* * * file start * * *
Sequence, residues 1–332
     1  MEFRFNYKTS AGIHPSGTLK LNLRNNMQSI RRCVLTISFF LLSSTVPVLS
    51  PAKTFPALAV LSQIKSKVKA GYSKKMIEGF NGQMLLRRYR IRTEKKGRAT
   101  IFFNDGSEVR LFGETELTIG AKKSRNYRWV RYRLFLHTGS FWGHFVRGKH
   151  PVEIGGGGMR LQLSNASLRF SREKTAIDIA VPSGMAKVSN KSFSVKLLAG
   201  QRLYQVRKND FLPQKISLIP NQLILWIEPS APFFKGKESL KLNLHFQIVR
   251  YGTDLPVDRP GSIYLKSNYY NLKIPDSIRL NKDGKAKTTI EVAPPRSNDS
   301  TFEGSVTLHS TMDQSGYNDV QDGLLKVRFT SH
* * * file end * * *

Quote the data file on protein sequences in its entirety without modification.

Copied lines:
Sequence, residues 1–332
     1  MEFRFNYKTS AGIHPSGTLK LNLRNNMQSI RRCVLTISFF LLSSTVPVLS
    51  PAKTFPALAV LSQIKSKVKA GYSKKMIEGF NGQMLLRRYR IRTEKKGRAT
   101  IFFNDGSEVR LFGETELTIG AKKSRNYRWV RYRLFLHTGS FWGHFVRGKH
   151  PVEIGGGGMR LQLSNASLRF SREKTAIDIA VPSGMAKVSN KSFSVKLLAG
   201  QRLYQVRKND FLPQKISLIP NQLILWIEPS APFFKGKESL KLNLHFQIVR
   251  YGTDLPVDRP GSIYLKSNYY NLKIPDSIRL NKDGKAKTTI EVAPPRSNDS
   301  TFEGSVTLHS TMDQSGYNDV QDGLLKVRFT SH